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Sattanathan.K et al / Int. J. of Allied Med. Sci. and Clin. Research Vol-24 2014 372-388 www.ijamscr.com 385 The percentage of awareness of health dangers of smoking were high in test group after the counseling session when compared to control group who did not attended the counseling session. About 70.0 in the test totally agreed to the facts in the questionnaire after the counseling session. Increased awareness rate about different harms which smoking can create to the body among the subjects was a factor predictive of high absistence rate from smoking. The counseling session had helped a lot to create awareness about the dangers of smoking among the subjects in the test group. Interestingly the study revealed that very little relationship between the absistence rate and the use of quitting aids such as NRT. Possible reasons may include varying adherence to the use of NRT when prescribed. Furthermore NRT may have been preferentially used by those with higher nicotine dependence. The study showed similarity with the study conducted by Pamela R.Fung. RESULT OF THE SURVEY CONDUCTED BY ADMINISTERING A QUESTIONNAIRE AMONG THE TEST GROUP TO EVALUATE THE EFFECTIVENESS OF COUNSELING The survey questionnaire was analyzed for the percentage of patients responded for yes or no questions and showed that Table: 5 Survey Questionnaire SL NO QUESTIONS YES n NO n 1 Have you ever visited a smoking cessation clinic before 7 15.3 33 84.61 2 If yes whether there was the involvement of a clinical pharmacist 0 0 39 100 3 Do you feel a pharmacist as more accessible than a physician 31 79.48 8 20.51 4 Do you feel the interaction with a pharmacist more convenient than a physician 32 87.1 5 12.8 5 Did you feel the tips as helpful to quit smoking/reduce the cigarette number smoked 29 74.35 11 25.64 6 Did you feel the booklet helped you to know about the dangers of smoking 39 100 0 0 7 Did you feel the directions given by the pharmacist for the proper usage of NRT as more useful 33 89.7 4 10.25 8 Do you feel the location of counseling session was accessible and comfortable 25 64.10 15 38.46 9 Do you feel counseling as an added advantage to quit smoking/reduce the no: of cigarettes smoked 30 76.92 9 23.07 10 Will you recommend our counseling services to a friend 35 94.8 2 5.12 The questionnaire was distributed among the 39 subjects who attended the second follow up. The result point out that about 15.3 of the subjects have visited a smoking cessation clinic before and there was not any involvement of a clinical pharmacist in those clinics. About 79.48 and 87.1 in the group felt pharmacist as more accessible and interaction with a pharmacist more convenient than a physician. In the study about 74.35 felt that the quit smoking tips used during the counseling session as useful to help them quit smoking/reduce the number of cigarettes smoked. The entire subject group felt booklet was an asset to gain knowledge about the health dangers of smoking. About 89.7 of subjects felt the directions for the proper usage of NRT given by the clinical pharmacist as more useful. Only 64.5 of the subjects felt the location of counseling session as more accessible and comfortable. For 76.4 of the subjects counseling was an added advantage to quit smoking/reduce the number of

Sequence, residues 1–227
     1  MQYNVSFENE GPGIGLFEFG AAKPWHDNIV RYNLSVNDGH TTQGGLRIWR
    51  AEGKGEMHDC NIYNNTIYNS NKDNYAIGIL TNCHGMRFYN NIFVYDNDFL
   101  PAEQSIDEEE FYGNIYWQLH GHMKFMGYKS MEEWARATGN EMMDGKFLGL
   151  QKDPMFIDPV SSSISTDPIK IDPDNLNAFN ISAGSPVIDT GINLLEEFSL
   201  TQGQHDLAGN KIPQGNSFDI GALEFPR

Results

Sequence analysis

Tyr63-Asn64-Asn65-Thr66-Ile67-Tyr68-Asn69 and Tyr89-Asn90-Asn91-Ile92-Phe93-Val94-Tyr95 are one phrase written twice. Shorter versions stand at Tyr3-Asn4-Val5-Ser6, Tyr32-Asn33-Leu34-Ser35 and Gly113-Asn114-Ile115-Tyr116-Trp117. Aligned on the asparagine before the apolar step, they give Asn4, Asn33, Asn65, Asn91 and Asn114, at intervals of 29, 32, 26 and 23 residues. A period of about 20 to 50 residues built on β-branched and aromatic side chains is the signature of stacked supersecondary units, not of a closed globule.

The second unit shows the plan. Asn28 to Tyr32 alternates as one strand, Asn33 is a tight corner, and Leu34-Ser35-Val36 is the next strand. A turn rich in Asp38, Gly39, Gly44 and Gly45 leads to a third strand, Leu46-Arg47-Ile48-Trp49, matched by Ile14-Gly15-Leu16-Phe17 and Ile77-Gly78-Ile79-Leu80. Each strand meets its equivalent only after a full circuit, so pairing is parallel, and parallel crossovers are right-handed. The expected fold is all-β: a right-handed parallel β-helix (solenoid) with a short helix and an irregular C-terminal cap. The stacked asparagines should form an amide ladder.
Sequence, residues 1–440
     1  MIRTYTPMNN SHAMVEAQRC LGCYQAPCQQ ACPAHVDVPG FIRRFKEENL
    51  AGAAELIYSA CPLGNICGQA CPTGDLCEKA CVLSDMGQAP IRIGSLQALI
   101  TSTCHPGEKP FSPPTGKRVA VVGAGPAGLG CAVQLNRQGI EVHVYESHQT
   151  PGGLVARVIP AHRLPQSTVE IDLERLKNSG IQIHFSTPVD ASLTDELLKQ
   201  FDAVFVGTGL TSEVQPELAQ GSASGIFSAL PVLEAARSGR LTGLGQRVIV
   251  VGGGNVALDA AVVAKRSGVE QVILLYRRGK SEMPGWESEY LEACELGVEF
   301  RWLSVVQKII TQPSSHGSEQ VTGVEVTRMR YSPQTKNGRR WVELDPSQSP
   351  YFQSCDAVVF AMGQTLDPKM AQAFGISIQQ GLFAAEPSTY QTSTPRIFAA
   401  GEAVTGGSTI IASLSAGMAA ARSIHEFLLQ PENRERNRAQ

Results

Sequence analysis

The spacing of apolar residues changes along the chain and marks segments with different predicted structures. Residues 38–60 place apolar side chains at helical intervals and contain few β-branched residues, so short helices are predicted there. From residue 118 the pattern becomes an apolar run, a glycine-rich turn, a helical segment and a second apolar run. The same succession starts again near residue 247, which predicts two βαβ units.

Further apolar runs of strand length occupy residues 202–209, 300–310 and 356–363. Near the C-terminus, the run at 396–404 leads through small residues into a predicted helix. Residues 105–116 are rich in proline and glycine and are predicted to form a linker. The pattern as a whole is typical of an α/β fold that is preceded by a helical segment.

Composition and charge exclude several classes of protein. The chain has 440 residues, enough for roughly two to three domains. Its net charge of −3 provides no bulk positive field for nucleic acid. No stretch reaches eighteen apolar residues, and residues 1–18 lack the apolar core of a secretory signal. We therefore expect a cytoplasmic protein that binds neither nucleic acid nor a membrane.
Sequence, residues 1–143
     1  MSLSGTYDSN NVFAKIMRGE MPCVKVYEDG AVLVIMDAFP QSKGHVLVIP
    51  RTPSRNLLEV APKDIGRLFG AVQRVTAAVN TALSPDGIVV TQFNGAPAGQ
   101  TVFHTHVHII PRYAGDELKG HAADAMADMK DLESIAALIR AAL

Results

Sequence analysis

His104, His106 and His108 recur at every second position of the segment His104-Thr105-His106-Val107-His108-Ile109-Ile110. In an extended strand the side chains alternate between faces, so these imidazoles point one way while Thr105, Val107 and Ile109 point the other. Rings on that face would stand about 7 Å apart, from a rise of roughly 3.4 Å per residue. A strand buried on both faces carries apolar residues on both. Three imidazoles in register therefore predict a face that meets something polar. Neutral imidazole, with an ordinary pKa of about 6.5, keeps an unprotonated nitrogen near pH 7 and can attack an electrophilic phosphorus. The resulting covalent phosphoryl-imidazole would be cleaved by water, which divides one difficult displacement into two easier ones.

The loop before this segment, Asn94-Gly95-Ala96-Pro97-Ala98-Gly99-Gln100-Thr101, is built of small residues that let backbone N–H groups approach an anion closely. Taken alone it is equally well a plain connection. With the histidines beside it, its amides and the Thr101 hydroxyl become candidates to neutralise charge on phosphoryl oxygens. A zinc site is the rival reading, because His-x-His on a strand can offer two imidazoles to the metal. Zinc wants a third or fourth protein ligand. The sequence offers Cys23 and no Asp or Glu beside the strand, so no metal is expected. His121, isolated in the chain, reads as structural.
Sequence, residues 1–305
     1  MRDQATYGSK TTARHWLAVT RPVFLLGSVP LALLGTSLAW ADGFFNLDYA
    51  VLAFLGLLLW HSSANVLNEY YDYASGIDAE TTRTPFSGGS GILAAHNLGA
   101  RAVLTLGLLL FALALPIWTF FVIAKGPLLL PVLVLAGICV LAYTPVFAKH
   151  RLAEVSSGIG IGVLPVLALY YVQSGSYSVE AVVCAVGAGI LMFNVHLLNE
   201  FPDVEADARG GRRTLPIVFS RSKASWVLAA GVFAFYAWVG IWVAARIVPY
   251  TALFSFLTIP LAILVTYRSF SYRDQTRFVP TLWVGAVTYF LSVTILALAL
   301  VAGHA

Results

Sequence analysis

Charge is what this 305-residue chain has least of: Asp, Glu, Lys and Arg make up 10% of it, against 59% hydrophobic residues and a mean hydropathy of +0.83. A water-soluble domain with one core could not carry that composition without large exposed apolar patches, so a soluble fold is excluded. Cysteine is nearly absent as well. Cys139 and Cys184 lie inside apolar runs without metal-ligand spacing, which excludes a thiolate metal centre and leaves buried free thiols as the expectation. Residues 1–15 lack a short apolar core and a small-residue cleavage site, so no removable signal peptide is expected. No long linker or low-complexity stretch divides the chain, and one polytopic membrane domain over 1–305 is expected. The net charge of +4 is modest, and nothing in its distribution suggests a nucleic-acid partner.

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Sattanathan.K et al / Int. J. of Allied Med. Sci. and Clin. Research Vol-24 2014 372-388 www.ijamscr.com 386 cigarettes smoked. In the study 94.8 reported that they will recommend the counseling services to their friends who needed the service. From the analysis of follow up questionnaire also it was revealed that 77.5 in the test group self-reported that they felt pharmacist helped them to quit smoking or reducing the number of cigarettes smoked. The study showed similarity to the study conducted by Karen SuchanekHudmon Alexander V.Prokhorov. Finally all the results point out the need of a smoking cessation clinic in an accessible site inside the hospital and also recommend the active participation of a specially trained clinical pharmacist. Also subjects responded that they will recommend smokers they knew to the clinic. It will become an opportunity to make a tobacco free environment and thereby ensure the improvement of public health. The analysis of the baseline demographics shows the absence of female gender in both groups which may be due to the characteristic culture of the geographic area of the study. The majority of the study population comprised of smokers with age group above 65 years. Geriatrics is more prone to dangers of smoking due to their weak health status and always presented with more than one disease. Increased number of chronic smokers in the study indicated the need of high attention for the particular group. Most of the smokers were married had only high school education and were from a middle class family with a positive family history of smoking. Family background is a prominent factor that promotes smoking. Majority of the smokers had occupational status as business. My study also indicated that majority of smokers showed with respiratory and cardiovascular disorders. This reflects the ill effects of smoking. The reason to start smoking reported by the smokers were friend’s inspiration fun to relieve stress etc. The study concluded that majority of smokers were able to quit due to intensive counseling by a clinical pharmacist. Unlike most other clinicians pharmacists are easily approachable for the public and advice from them does not require an appointment. As such pharmacist have the opportunity to reach and assist underserved populations. Because identifying tobacco users is a crucial step in the treatment of tobacco use and dependence systemic changes in the pharmacy practice environment are necessary if pharmacists are to assume a more significant role in the provision of cessation services. For example routine use of pharmacy computer system software to document smoking status could screen for potential smoking-medication interactions and serve as a prompt for the pharmacist to engage in cessation activities. Since training increase cessation counseling interventions efforts should be made to provide comprehensive evidence based training to practice pharmacist through continuing education programs and to students through required pharmacy school work. CONCLUSION The study evaluated the effectiveness of a hospital initiated smoking cessation intervention by a clinical pharmacist that included 3 months of follow up and also analyzed the baseline demographics of smokers. The pharmacist-managed Smoking Cessation program successfully aided approximately more than half its participants to quit smoking at 1 and 3 months. Although higher attendance rates increase cessation rates steps could be taken in order to effectively maximize the pharmacist’s time and minimize patient commitment while also achieving the best patient outcomes. The most common reasons for quitting smoking were a concern with the current health status and a concern with the future health status. Smoking cessation for current smokers is a healthcare imperative. We hypothesized that a hospital based smoking cessation program involving intensive counseling by a clinical pharmacist and support along with nicotine replacement therapy would provide an effective intervention for smoking cessation. In summary the results of this prospective study indicates that hospital based smoking cessation with the active participation of clinical pharmacist is very effective. Both social and psychological factors are associated with a greater chance of insistence. Intensive counseling with appropriate pharmacotherapy is feasible in the hospital setting and should be offered to all patients who are current smokers. Recommendations Since hospitalized smokers present with high levels of nicotine dependence high tobacco intake early age at smoking initiation and high number of cigarettes smoked per day they require a systematized approach to smoking cessation during hospitalization in order to guarantee successful smoking cessation. In order to optimize such an approach a comprehensive program should be developed in the institution focusing on the following: